“I think (the trap pieces) express her interest in elementary forms such as circles and simple lines. She often speaks about wanting to compress visual expression to its essentials, paring things down and having this reduction of form,” Schenkenberg explains. “For me, the reduction of form – what's been really beautiful to learn about – is that it doesn't come from the same interest that the artists of American minimalism were interested in. She asks us to locate the spareness of her forms back to the land that she comes from, back to the geography of southern Alberta which is a treeless, semi-arid prairie land with wild grasses and river coolies.”

Clyfford Still (1904–1980) is an artist American museum goers will be much more familiar with. He was born in North Dakota and spent a large portion of his childhood in southern Alberta as well. Like HeavyShield, Still incorporated those landscapes into his work. Living there, both recognized the richness of a terrain generally considered desolate by outsiders. The depth with which they see the area and the barrenness most others see there can put a barrier between audiences and the work.

“It’s often dismissed as flat, but she considers it to be incredibly beautiful and enriching with those subtleties,” Schenkenberg said. “With that land in mind, I think these traps reflect the austerity of the prairie and then also, the natural forms that can be encountered in that environment including animal skeletons that the shapes call to mind.”

Faye HeavyShield 2001-22; Trap in Yellow Ochre 2

Faye HeavyShield 'Trap in Yellow Ochre 2' | Courtesy of the Pulitzer Arts Foundation


Maximalist Minimalism

Minimalism doesn’t typically come to mind with artworks measuring 8-feet-high and 75-feet-long. Those are the dimensions of one HeavyShield’s commissions created for the Pulitzer show. On display are thousands of 4x6-inch photographs of rivers across North American taken by HeavyShield. They’re close-ups where often only the ripples of water are visible.

Rivers and the name of the exhibition, “Confluence,” of course tie back to St. Louis, located at the confluence of the Missouri and Mississippi rivers. Both rivers were photographed by HeavyShield for inclusion in the project which simultaneously highlights the power and fragility of these river systems.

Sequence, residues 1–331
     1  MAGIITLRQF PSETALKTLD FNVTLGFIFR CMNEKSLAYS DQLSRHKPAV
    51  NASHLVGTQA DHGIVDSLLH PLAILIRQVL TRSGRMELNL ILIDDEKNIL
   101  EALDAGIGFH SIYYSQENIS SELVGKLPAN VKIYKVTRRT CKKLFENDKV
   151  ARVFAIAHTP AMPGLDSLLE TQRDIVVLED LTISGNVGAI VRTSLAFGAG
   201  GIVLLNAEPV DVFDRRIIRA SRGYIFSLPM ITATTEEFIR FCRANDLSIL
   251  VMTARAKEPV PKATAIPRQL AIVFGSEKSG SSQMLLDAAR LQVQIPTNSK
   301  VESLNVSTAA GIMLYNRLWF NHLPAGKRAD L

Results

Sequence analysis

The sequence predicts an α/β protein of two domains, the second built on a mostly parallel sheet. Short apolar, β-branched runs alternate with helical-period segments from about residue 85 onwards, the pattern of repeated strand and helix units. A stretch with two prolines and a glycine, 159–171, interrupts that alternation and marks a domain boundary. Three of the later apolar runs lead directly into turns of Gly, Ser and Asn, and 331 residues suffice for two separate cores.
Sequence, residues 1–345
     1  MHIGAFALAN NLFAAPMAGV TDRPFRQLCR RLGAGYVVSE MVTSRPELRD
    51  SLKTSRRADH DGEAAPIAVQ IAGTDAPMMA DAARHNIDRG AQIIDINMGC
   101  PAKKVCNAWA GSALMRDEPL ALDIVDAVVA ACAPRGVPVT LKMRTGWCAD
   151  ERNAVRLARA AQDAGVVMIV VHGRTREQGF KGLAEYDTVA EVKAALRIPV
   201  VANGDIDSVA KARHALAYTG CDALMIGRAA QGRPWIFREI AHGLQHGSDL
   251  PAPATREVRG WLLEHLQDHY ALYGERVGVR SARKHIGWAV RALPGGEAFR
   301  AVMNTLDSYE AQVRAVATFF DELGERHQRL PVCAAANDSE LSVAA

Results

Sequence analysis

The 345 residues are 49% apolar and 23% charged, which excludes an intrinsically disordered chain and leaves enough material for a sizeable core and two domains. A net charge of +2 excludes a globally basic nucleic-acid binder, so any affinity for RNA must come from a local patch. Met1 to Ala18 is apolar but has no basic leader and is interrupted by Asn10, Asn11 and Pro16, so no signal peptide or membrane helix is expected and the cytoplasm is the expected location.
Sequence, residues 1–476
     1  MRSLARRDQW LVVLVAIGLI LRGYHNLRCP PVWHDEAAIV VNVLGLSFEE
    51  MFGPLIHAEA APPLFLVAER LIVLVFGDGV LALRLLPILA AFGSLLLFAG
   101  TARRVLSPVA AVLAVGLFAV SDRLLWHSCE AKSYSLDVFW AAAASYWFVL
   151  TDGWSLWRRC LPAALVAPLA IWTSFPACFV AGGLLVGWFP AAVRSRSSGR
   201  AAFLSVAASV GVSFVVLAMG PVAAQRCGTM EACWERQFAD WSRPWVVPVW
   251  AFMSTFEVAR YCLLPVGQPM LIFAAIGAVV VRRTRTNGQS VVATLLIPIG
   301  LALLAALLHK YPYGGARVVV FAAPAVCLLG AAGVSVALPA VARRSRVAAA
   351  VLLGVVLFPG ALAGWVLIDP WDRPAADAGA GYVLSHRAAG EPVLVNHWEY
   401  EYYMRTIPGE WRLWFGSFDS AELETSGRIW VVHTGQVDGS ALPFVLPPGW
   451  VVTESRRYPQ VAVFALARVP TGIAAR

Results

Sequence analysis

Her second commission also directly responds to the area, this one the mound building practices of Mississippian people, most prominently recognized today at Cahokia Mounds just across the Mississippi River from St. Louis in Illinois. A prominent cultural, religious and economic center, Cahokia’s population of between 10 and 20,000 people between A.D. 1000 and 1350 put it on par with any city in the world.

“She's thinking of herself as very much a guest here and having a conversation with those sites, of the peoples who created them, and also the way in which those sites have been neglected and mistreated and removed,” Schenkenberg said. “Initially, I was talking to her about this project (thinking), ‘oh, it's in response to Cahokia,’ but it's not just Cahokia. St. Louis had many, many mounds on the site that is presently the city that were removed and so it's this larger presence of the mounds existing and those that have been razed and demolished.”

HeavyShield’s presence in St. Louis will also be found at the St. Louis Museum of Art beginning May 5 with her participation in its Native Artist Collaboration series. The artist will debut new work in conversation with three Niitsitapi (Blackfoot Confederacy) parfleche bags from SLAM’s collection; the Kainai (Blood) Nation, is a member of the Niitsitapi.

Faye HeavyShield, The Red Line

Faye HeavyShield 'The Red Line'  | Courtesy of the Pulitzer Arts Foundation